Yesterday, 5:30pm. I found myself sitting in a stuffed leather chair, lit cigar in one hand and a glass of rum in the other, freshly brewed espresso (and the rest of the bottle of rum) on the table in front of me. With the purchase of the cigar you get the accompaniments gratuit. Ad libitum. This Senegalese-owned haven is most likely either run by drug money or mafia money. Or both. Either way, it was the unlikely (if slightly unfitting) site for a conversation that I’ve had many times in different iterations and permutations over the last months and years, and to which there are few (if any) answers.
The politics of food in any given place, be it Mali or your grandmother’s living room, plays a huge role in peoples’ interactions. The way they are treated and treat other people, they way they perceive and are perceived, the ways they show and accept love and care, how they feel about themselves and how they identify themselves. A peace corps volunteer I know here told me how she had stuffed herself full of about two days worth of food over the course of an hour while visiting a family that had hosted her for a month; it was simply not ok to say no. After the welcoming ‘snacks’, they all sat down to dinner. In the village she lives in now, she vacillates between not wanting to eat the entire (enormous) quantity of rice and sauce put on her plate so that the kids in the family could eat a bit more, and not wanting to offend the woman who cooks. At the risk of seeming ungrateful, it’s sometimes easier to just eat.
salade is délicieuse
I remember having this problem when I lived in Dakar. Not only was I vegetarian, but I simply couldn’t eat an entire plate filled with rice and mafé (tomato peanut sauce), no matter how delicious. Binta – a rather corpulent woman herself – always scolded me for not eating enough, if a bit jovially, but the message was clear: my not eating to her heart’s desire, was a direct insult. Not eating (enough) at dinner was offensive; eating food without sharing with anyone present was rude; eating with your left hand was unheard of; eating from a shared platter that which was not situated directly in front of you was gourmande. Rules about food and eating are not unique to Senegal or West Africa. (Don’t talk with your mouth full; you must ask to be excused; wait until everyone is served; make sure to eat Aunt _____’s casserole so she won’t be offended; and you get the point.)
My not eating the chicken at dinner the other night when I was invited by a colleague to his childhood friend’s house, while not hugely problematic, didn’t synch well with the Malian tradition of offering a chicken to a guest to welcome them. I accepted the chicken thigh on my plate as a garniture. And snuck it to Bourama’s plate the first chance I got.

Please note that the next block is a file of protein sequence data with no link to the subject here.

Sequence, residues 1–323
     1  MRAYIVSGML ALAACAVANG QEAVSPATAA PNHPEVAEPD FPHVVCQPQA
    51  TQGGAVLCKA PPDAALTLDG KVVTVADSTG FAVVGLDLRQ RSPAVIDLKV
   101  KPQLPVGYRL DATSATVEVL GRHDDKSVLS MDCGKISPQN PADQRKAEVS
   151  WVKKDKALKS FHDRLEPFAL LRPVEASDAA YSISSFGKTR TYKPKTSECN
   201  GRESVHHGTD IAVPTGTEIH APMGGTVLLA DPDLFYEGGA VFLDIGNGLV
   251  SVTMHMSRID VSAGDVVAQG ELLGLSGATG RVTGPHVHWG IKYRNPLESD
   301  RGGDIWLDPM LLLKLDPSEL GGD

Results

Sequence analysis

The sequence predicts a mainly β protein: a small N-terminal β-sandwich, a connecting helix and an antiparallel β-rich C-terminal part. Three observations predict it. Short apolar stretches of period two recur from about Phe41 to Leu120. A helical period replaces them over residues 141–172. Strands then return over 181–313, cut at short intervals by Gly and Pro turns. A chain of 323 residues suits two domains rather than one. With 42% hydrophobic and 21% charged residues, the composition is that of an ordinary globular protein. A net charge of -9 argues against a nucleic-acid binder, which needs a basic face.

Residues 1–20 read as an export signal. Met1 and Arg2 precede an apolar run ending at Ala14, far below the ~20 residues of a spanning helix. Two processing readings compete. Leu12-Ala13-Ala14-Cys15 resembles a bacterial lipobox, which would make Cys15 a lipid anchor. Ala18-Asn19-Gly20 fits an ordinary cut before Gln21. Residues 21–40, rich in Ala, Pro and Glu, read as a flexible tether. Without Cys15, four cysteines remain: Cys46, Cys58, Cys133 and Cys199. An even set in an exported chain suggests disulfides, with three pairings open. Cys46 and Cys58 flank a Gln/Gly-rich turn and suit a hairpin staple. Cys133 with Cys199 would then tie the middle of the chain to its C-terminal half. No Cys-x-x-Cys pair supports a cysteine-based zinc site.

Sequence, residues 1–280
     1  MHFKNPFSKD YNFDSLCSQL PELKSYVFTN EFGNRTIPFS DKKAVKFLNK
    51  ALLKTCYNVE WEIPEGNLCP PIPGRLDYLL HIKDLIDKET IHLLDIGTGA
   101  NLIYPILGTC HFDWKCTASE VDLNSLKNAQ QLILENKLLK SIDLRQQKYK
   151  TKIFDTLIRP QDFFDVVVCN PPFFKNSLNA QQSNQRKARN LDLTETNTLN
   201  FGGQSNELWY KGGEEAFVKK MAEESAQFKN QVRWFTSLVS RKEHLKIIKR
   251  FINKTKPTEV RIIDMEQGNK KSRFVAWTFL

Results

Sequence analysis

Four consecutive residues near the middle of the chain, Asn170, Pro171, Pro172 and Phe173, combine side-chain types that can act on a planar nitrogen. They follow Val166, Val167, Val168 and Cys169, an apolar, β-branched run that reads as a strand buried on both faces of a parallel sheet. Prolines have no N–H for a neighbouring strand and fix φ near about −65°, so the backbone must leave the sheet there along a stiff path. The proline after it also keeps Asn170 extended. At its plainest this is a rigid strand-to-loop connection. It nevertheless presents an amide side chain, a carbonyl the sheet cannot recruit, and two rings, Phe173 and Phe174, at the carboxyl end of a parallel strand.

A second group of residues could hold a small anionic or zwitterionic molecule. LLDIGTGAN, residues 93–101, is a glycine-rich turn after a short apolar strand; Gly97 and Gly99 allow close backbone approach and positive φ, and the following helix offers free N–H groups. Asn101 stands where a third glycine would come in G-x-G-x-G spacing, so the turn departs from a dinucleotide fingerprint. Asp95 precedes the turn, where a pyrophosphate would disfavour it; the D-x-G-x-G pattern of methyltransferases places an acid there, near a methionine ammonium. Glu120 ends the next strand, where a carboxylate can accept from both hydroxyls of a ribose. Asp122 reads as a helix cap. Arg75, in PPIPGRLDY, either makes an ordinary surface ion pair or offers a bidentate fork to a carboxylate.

It goes beyond “food as love”. Women are caregivers, men are the money makers. If a man has a maraîchage, a market garden, I’ve been told that most of the produce he grows is sold for profit, rather than used to feed his family. A woman’s garden is first and foremost a source of nutrition for her family, and secondarily a source of income. Women are most often responsible for feeding their families, and men are responsible for making money. Both of these roles, however, ultimately aim to care for the family. It would follow logically, then, for a garden to be used as both a source of nutrition and a source of income – whether owned by the man or the woman. A simple economic cost-benefit analysis would most likely show that, over time, the improved nutrition of the family would obviate the need for other medical expenses.
I am in no way positioned to lecture on a subject for which I have only a cursory and surface level understanding. Food and nutrition are complicated subjects and rooted in much more than just gender. Politics, sociology, economics, history, geography, meteorology… the list goes on. I know my understanding of these issues will broaden over time; maybe I’ll look back and read this a few months down the road and think about how naïve it all sounds.
Which brings me to the second theme of our smoky and slightly (both caffeine- and alcohol-) buzzed conversation. How To Ask Questions. I am currently grappling with how to frame a research project on urban agriculture in Bamako. Having read a lot on urban ag and the urbanization of African cities and cities elsewhere, I feel like I should have a ready-made question right there in front of me. But I don’t. I walk around and talk to people – like Aoua Coulibaly, who has been tenant cropping next door to my apartment since the 1940s, but a series of anecdotes and experiences of a few individuals dotted across the city does not a research project make.
growing sweet potatoes for over half a century
How do you frame a question so that the answer will be worth something? Even in asking that, I am assuming a certain audience or target group for the ‘worth something’ part. What am I aiming to achieve? I am obviously not going to write my doctoral dissertation over the next five months, but I also don’t want to just have a digital collection of photos and a legal pad full of notes. I want my question to somehow contribute to something. It’s the “somehow” and the “something” that I’m stuck on.
In the meantime, cigars and rum and espresso might just have to be the muse for my (lack of) brilliance. Not only do Cubans make excellent cigars (and rum), but urban agriculture is flourishing and vibrant in Cuban cities. So who knows, maybe the answer to my question – or the question to get my answers – lies somewhere between a glass of rum and a lit Montecristo.